My studio is divided into several areas:

  • Office space
  • Art and photography studio working area
  • Storage spaces
  • Washroom and sink

Here is the floor layout of the space:

The office space has a desk and storage for paintings. This is also where my printers reside. I use both this office space and the studio itself for digital design work, photo editing, printing, writing, business activities and website administration.

In designing the studio, I had to think creatively about how best to utilize the available space (because I don’t have 20,000 square feet to work with), and I took all of the following into account:

  • Studio layout and the various workspaces
  • Equipment, supplies and unfinished artwork storage
  • Lighting
  • Electrical requirements
  • HVAC (heating, ventilation and air conditioning)
  • Health and Safety


Studio Workspaces:

I designed the layout of the studio for making both small and large paintings working on easels, horizontally (countertop or floor), on angled surfaces and also vertically on a wall.

I have several flat surfaces available to work on (as well as the floor).

Drafting Table:

I am very fortunate to have been given a beautiful vintage, German-made professional drafting table with a drafting kit. It was manufactured by Franz Kuhlmann KG (they started making drafting “machines” in 1928), and it is very smooth to operate. Both the height and angle of the table are adjustable, and it locks into position. It’s a real beauty and a joy to work on. It serves as a 3 x 5 foot angled or horizontal surface for digital design work, sketching and drawing. It is also a clean working surface for paper works and prints and a worktable for packaging artwork. As the height is adjustable, I can also use it as a platform for tabletop photography. It can be moved around the studio and stored in a vertical position to minimize its footprint. Here are some photos of it:


Folding Table Top:

I use a 3 x 6 foot folding table top propped up on a saw horse as a mobile flat surface for drying paintings and prints and as somewhere to place reference notes, drawings, supplies and other items used for creating artwork or for photographing. When not needed, and to free up floor space and clutter, I store it folded either horizontally on its edge on the floor leaning against a wall or upright against a wall or in a corner somewhere.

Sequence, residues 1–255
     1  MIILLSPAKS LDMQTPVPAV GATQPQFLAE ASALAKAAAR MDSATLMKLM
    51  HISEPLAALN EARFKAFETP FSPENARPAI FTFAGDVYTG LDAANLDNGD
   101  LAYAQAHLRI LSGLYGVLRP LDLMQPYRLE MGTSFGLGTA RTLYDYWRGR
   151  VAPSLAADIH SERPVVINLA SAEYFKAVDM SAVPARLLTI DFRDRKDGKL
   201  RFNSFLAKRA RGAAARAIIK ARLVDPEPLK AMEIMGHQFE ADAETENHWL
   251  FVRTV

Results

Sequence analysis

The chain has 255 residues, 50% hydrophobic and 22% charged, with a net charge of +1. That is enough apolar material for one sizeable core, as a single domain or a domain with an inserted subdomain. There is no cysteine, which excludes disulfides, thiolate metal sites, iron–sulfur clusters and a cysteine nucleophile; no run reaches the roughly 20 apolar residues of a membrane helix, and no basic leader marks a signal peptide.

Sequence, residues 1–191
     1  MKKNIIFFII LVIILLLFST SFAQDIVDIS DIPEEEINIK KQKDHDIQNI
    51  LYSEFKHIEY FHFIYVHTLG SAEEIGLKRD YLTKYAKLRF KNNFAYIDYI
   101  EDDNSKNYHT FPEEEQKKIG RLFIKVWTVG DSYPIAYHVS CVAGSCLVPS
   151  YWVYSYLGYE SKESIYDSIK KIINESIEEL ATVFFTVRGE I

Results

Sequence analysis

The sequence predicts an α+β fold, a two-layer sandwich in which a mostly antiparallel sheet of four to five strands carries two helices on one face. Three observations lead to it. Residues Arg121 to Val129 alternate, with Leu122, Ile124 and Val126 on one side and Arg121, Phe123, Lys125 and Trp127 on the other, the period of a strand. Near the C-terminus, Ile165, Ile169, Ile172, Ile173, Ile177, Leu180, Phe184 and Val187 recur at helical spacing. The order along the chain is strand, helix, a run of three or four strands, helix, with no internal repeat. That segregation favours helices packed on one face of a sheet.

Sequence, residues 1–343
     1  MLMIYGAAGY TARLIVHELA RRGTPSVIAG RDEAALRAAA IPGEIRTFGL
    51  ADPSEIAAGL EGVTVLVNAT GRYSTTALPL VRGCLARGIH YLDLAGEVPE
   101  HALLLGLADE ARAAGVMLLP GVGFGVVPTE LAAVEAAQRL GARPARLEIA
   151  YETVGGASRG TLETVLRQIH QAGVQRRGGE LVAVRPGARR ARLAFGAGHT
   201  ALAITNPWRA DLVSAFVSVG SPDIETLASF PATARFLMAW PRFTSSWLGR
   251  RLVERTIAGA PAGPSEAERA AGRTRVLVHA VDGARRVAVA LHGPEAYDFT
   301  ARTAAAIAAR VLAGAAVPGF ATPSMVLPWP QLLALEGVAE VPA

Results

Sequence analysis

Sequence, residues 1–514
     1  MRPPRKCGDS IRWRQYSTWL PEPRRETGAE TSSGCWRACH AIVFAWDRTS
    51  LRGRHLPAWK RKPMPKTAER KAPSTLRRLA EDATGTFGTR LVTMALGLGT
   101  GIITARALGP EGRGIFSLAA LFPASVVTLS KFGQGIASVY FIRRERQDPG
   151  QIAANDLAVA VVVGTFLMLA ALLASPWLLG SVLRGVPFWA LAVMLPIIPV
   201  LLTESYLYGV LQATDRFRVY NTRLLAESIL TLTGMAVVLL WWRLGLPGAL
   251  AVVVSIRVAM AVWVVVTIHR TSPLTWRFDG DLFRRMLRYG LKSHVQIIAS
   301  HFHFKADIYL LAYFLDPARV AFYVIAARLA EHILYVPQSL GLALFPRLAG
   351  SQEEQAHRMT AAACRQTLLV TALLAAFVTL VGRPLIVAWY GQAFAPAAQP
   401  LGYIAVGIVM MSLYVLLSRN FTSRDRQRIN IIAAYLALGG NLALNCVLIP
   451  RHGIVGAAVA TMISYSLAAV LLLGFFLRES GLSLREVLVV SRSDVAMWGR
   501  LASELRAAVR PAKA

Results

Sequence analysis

Painting Counter:

I have an old electronics bench that I use to paint horizontally or on a slight angle. It provides a large 3 x 5 foot surface to work on. The height of the working surface is only 30” above floor level (this is 6” lower than typical counter height) allowing me to more easily lean over while working on a painting without having to shift it around. It has a shelf above the working surface that runs the length of the back of the countertop. It is sturdy and all-metal construction with the exception of the countertop and has numerous 120v outlets for plugging things in.

Below is a diagram of stationary studio furniture. The raised platform (green) is 6” off the floor and provides an area to temporarily store painting panels and whatever else I want to put on there that I want off the floor. I sometimes sit on it for a break or to check my phone or whatever. I also have an old wooden folding chair, two office chairs and a pillow for sitting.

I designed the layout of the studio to have free wall space on two walls for painting and photography. Here is a diagram of all of the various available workspace configurations. Note that, with the exception of the painting bench (red) and storage unit (grey), everything else can be moved around and stored out of the way either in or out of the studio itself.

Easel painting setup with studio lighting:

Painting in the studio using my plein air easel. Sometimes, I’ve used my iPad on it for digital painting (using a stylus and special digital brushes). I know, there’s something not quite right here…

Getting ready to work on a wall…


Though I have a separate storage room and office space, I wanted to store some supplies in the studio to have them close. I took advantage of vertical space for storage to leave as much open floor space and floor-to-ceiling wall space as possible.

I use containers, boxes and cases to keep a variety of materials and various bits and pieces and store these, along with some smaller paintings, on studio shelves.